Article brought to you by: Catholic Online (www.catholic.org)

London's Temple Church from the 'Da Vinci Code' Movie

By Catholic Online
March 28th, 2011
Catholic Online (www.catholic.org)

London's Temple Church is famous for its rare circular nave called "the Round." It was built by the Knights Templar in the 12th century. It is one of only three Norman round churches left in England, and figures heavily in the popular book and film "The Da Vinci Code."

LOS ANGELES, CA (Catholic Online) - In chapters 83, 85 and 86 of the novel, Robert Langdon, Sophie Neveau and Leigh Teabing arrive at the Temple Church pursuing the answer to their latest riddle: "In London lies a knight a Pope interred. His labour's fruit a Holy wrath incurred. You seek the orb that ought be on his tomb. It speaks of Rosy flesh and seeded womb."
 
After a careful examination of the ten knights, the group learns from an altar boy that there are no tombs in the church, only effigies. Eventually, they realize the riddle refers to the tomb of Sir Isaac Newton in Westminster Abbey, but not before they are held at gunpoint in the church by the bad guys.
 
Historically, in the mid-12th century, the Knights Templar or Red Knights had their London headquarters at a site in High Holborn. But by the 1160s, the order outgrew the original site and purchased property near Fleet Street for establishment of a larger monastic compound.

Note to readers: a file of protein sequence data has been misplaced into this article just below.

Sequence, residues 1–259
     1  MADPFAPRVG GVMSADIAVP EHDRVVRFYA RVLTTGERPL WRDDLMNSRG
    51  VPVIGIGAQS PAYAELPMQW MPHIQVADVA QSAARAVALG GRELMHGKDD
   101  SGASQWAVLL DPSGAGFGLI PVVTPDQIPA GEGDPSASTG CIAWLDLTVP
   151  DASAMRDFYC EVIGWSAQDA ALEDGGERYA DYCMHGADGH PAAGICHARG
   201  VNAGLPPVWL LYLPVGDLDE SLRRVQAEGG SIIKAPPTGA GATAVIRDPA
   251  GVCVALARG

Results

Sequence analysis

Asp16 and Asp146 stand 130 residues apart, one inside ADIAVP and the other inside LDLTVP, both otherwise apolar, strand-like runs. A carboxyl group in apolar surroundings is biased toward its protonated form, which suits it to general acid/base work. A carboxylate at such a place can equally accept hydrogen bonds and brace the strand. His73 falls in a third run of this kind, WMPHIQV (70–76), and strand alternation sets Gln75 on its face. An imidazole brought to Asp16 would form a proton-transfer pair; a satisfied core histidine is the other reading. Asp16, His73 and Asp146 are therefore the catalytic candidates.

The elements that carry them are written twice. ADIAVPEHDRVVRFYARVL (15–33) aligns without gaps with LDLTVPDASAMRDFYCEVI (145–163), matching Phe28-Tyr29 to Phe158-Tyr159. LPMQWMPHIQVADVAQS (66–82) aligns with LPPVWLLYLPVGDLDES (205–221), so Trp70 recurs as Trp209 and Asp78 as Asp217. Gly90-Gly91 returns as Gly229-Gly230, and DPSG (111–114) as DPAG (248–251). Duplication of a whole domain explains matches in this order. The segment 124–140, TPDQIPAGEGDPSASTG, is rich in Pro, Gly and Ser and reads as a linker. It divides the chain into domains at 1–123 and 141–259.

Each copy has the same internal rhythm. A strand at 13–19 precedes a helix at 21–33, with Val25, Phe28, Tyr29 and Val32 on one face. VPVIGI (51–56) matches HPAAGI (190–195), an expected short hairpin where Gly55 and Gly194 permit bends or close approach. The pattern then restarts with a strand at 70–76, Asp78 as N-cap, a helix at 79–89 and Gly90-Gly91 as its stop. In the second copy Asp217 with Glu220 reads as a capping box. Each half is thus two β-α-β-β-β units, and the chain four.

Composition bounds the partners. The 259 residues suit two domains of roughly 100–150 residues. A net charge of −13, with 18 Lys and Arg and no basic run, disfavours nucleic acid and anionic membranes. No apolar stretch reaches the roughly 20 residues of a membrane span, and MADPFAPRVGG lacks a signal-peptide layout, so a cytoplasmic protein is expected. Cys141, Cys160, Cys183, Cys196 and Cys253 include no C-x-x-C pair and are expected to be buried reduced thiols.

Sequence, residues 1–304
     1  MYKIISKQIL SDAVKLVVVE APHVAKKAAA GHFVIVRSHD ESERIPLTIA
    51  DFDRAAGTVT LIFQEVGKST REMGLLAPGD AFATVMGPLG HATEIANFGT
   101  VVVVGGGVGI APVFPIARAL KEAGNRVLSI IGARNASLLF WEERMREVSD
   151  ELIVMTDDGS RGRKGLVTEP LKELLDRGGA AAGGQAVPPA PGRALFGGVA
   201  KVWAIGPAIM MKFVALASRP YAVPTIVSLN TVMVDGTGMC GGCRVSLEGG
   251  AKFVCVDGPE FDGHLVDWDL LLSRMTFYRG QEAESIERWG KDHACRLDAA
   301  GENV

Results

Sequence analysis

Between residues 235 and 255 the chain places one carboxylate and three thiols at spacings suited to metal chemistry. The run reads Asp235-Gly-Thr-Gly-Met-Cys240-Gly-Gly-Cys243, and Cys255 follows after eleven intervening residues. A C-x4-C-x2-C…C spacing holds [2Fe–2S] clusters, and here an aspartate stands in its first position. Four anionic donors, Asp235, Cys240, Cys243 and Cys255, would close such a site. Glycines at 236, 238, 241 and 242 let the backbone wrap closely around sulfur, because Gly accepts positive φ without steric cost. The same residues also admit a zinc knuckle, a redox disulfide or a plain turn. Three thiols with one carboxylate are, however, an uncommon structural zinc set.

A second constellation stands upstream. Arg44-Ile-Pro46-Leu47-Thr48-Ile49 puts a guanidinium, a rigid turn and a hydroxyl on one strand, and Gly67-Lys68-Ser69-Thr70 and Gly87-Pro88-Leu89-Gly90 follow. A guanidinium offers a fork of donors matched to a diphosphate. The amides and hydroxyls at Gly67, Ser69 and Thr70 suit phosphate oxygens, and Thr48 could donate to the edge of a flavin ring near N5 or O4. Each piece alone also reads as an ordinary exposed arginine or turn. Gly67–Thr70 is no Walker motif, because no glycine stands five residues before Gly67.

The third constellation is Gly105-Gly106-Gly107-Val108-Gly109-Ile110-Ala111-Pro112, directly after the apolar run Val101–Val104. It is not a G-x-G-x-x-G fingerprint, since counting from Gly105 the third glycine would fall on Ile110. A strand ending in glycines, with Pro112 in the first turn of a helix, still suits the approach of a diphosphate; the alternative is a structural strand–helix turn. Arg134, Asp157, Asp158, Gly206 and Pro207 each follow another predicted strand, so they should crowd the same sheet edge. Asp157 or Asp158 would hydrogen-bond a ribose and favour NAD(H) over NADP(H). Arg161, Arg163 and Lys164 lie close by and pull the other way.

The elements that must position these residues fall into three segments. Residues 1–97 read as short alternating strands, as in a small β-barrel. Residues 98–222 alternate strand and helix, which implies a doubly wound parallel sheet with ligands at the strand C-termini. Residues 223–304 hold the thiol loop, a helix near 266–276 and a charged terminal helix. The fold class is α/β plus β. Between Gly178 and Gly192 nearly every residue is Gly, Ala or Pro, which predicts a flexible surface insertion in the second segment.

The Temple Church was consecrated on February 10, 1185 in a ceremony conducted by Heraclius, the Crusader Patriarch of Jerusalem. King Henry II may have been present at the consecration. The Knights Templar held worship services and their secret initiation rites in "the Round," the oldest part of the Temple Church.

The church was originally part of a large monastic compound that included residences, military training facilities and recreational grounds for the military brethren and novices who were not permitted to go into the city without the permission of the Master of the Temple.

The temple also served as an early depository bank, sometimes in defiance of the Crown's wishes to seize the funds of nobles who had entrusted their wealth there.

In Part I of the 16th century play "Henry VI," by William Shakespeare, the Temple Church is the scene of the start of the 15th century Wars of the Roses. In the play, the war was sparked by the plucking of two roses in the Temple garden. In 2002, the Shakespearian tradition was commemorated with the planting of new white and red roses in the modern gardens.

Today, the Temple Church is still the main chapel of those who work in the Temple area. It also functions as an Anglican parish church, with regular worship services and choir performances conducted there. The head of the church bears the title "Master of the Temple," after the head of the order of the Knights Templar.

While many expect the Temple Church to be dark and thickly atmospheric, later restorations have tamed its air of antique mystery. It's a lovely Gothic-Romanesque church, whose chancel ("the Oblong," dating from 1240) has been accused of perfection. The church is made entirely of beautiful cream-colored Caen stone.

Article brought to you by: Catholic Online (www.catholic.org)